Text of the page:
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Close to the end of episode S5E4 of Better Call Saul Lyle, an assistant manager, is closing the restaurant after a shift and saying bye to the workers of Los Pollos Hermanos. One of them mentions that he forgot to cover the fryers, Lyle responds that he will take care of that. He locks the door and goes into the restaurant kitchen to find Gus Fring checking the fryers. Fring asks whether the state of the fryers is acceptable to Lyle and indirectly pressures him to clean them again.

All of this is happening while Fring is awaiting a phone call about the DEA capturing his drug money from the dead-drops, which were exposed by Lalo Salamanca's plan. The plan was revealed to Fring by Nacho.

The scenes cut between Lyle's vigorious, tense cleaning of the fryers and

The DEA's operation to intercept the money and arrest the person carrying it

which in my opinion is a really peculiar mix.

What I found very perplexing about this scene is the choice of the events shown and Fring's side of the dialogue:

Lyle: Everything alright, Mr. Fring?

Fring: This is acceptable to you?

Lyle: I thought Deshawn did a good job. Uh... I'm not seeing anything. It's...

Fring: I understand.

Lyle: Uh, you know, like, now that I look closer... Yeah, I think I see maybe... Yeah. Okay. I'll take care of it, Mr. Fring.

Fring: All right.

Lyle: Yeah. I'm sorry about that, sorry.

My thoughts:

Both of the events represent the two sides of Fring's life. Both people shown work for him.

Fring seems very harsh, it's as if he was letting his frustration out on Lyle, who complies to clean the fryers against his will, as at first he deems them clean. Fring disapproves of the result repeatedly and Lyle cleans them again. This is very unlike Fring, who usually is highly professional and does not take out his emotions on others.

Is there any other significance in this scene? How can the choice of the scenes shown be explained?

  • The whole "My thoughts:" part feels to me like it should be an answer instead of being part of the question. – BCdotWEB Mar 13 at 10:32
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    @BCdotWEB I felt like those were basic level observations and not quite the full picture of what the scene ment, and some context was lacking. – B.Swan Mar 13 at 14:36
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Gus Fring is a very fastidious and put together sort of man. He's very controlling of every single aspect of both his criminal and public facing careers. This extends to his control of all those who work for him as well. What looks, on the surface at least, to be some form of OCD here, is clearly far more nuanced and far more about how he's had to develop such a focus over the years to become an acceptable asset within the Cartel. An organisation that will always see him as the Chilean outsider, no matter how much money he brings in...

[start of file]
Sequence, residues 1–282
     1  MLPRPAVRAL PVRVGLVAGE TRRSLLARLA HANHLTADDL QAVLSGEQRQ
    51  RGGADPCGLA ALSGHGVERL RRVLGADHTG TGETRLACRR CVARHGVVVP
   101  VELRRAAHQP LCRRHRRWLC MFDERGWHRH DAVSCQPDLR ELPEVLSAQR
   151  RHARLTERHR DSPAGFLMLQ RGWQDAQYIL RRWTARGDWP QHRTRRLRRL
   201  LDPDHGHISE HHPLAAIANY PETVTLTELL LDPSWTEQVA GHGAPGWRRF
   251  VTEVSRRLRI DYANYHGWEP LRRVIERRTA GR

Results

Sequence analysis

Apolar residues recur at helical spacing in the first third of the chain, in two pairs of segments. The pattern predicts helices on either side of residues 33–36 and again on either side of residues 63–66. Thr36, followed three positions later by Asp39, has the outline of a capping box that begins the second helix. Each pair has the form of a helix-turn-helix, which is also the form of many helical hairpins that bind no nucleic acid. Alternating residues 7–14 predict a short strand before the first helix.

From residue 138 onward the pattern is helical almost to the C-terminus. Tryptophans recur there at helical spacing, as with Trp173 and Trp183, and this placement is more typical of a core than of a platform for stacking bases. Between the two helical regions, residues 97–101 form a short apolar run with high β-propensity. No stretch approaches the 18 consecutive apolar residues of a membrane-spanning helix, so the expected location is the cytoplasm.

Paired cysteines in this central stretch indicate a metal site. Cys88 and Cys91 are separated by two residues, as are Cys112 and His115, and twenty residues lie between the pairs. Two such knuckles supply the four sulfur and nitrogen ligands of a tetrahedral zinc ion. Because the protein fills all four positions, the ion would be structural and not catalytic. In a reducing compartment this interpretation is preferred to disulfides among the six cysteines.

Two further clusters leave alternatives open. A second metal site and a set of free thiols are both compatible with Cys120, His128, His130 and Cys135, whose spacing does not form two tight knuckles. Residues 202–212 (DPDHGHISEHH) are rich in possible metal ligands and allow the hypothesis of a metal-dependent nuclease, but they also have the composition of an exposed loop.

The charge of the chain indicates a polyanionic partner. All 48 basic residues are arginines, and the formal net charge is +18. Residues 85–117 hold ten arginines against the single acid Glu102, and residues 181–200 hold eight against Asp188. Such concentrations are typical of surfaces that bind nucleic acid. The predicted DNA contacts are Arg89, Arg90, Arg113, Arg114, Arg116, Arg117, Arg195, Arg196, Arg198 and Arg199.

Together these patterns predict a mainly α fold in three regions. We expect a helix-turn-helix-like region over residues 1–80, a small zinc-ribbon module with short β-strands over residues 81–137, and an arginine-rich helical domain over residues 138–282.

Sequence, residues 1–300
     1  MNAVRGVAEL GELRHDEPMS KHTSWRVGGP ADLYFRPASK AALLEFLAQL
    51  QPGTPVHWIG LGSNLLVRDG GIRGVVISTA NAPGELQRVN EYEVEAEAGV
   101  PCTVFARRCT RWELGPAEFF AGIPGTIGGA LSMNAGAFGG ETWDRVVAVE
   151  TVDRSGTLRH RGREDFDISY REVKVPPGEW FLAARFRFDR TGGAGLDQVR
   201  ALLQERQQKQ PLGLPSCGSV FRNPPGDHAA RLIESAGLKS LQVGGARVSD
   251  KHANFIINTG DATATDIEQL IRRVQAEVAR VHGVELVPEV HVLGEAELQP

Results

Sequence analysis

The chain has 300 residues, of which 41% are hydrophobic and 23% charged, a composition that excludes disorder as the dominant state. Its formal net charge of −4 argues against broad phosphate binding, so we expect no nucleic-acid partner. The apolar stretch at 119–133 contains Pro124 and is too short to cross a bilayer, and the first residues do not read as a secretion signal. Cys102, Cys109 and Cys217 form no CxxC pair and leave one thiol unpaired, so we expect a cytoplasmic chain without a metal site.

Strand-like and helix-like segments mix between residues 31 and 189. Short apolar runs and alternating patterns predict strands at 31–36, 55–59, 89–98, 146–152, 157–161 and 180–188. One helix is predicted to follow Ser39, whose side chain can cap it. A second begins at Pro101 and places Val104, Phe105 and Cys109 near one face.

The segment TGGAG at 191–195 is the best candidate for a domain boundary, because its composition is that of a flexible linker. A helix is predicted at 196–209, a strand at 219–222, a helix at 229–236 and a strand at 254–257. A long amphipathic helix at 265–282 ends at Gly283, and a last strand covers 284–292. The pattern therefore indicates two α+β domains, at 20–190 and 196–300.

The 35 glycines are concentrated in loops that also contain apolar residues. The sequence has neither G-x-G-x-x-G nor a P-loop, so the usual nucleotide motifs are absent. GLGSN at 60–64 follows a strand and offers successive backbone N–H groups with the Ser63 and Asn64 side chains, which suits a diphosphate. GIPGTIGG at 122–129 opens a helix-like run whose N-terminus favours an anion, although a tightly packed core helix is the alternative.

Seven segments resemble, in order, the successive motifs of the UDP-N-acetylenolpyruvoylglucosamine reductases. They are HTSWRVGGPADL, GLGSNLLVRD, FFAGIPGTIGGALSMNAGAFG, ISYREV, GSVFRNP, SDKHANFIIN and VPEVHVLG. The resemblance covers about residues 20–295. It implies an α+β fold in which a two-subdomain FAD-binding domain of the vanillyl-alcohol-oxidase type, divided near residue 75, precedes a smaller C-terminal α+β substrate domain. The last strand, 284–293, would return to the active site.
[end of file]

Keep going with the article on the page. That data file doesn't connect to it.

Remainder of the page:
Having to wait for the call from his people has him in a very uncomfortable state of impotence. He's also about to lose a great deal of money, which won't go over well with Juan Bolsa et al.

Just as the human kicks the dog - the dog bites the cat - and the cat finds a mouse to swat at - poor Lyle is the mouse... although, more accurately, he's really just collateral damage to Gus's pressing need to, at the very least, get his kitchen appearing spotless; and so feel a little more in control of things.

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    I really like that you put the events in the perspective of Fring's relationship to the Cartel, as this whole plan is ment to damage it. Also Fring's lack of control leading to his frustration explains why he acts overly controlling towards Lyle, it makes perfect sense. Thanks for sharing! – B.Swan Mar 13 at 14:32
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Kenny Herzog's interpretation @ Vulture:

At Gus’s unusually steely suggestion, Los Pollos Hermanos’ eminent employee takes repeated turns toiling away at the fryer until it’s glistening to his boss’s satisfaction. Lyle is, through no fault of his own, bearing the brunt of Gus’s muted frustrations. While Lyle furiously takes Brillo to basket in a tightly wound flop sweat, Gus stoically awaits word from Victor that their plan—sacrificing $700K of their own dead-drop deposits to stay one step ahead of both Lalo and the law—has been seen through. Only then is Lyle’s work deemed “acceptable.” The execution of their strategy, though precise, is the outcome of an operation that is, at best, acceptable.

Alan Sepinwall's interpretation @ Rolling Stone:

The other literal cleaning job happens over at Los Pollos Hermanos, where Gus’ loyal assistant manager Lyle winds up staying long after his shift is done, working his fingers raw with steel wool as he attempts to scrub the deep fryer to his boss’ satisfaction. Poor Lyle has no way of knowing about Gus’ other life as the Chicken Man of Albuquerque, nor that this concern over the fryer is how Gus deals with his anxiety as he waits to see if Victor and Tyrese can complete the con job that Nacho has set up with Hank and Gomez. It’s a striking sequence, not just for the way Lyle’s mundane task is contrasted with the much higher stakes of Victor leading a DEA task force on a semi-wild goose chase. This feels like the first time on Better Call Saul — and one of the few times in Giancarlo Esposito’s entire time playing the role — where we are seeing Gus Fring sweat. He is so used to being master of all he surveys (even when he is playing subordinate to the Salamancas or Juan Bolsa, he is clearly manipulating events) that he seems startlingly vulnerable as he sits in his office and waits for the text, taking out all his mounting frustration on Lyle.

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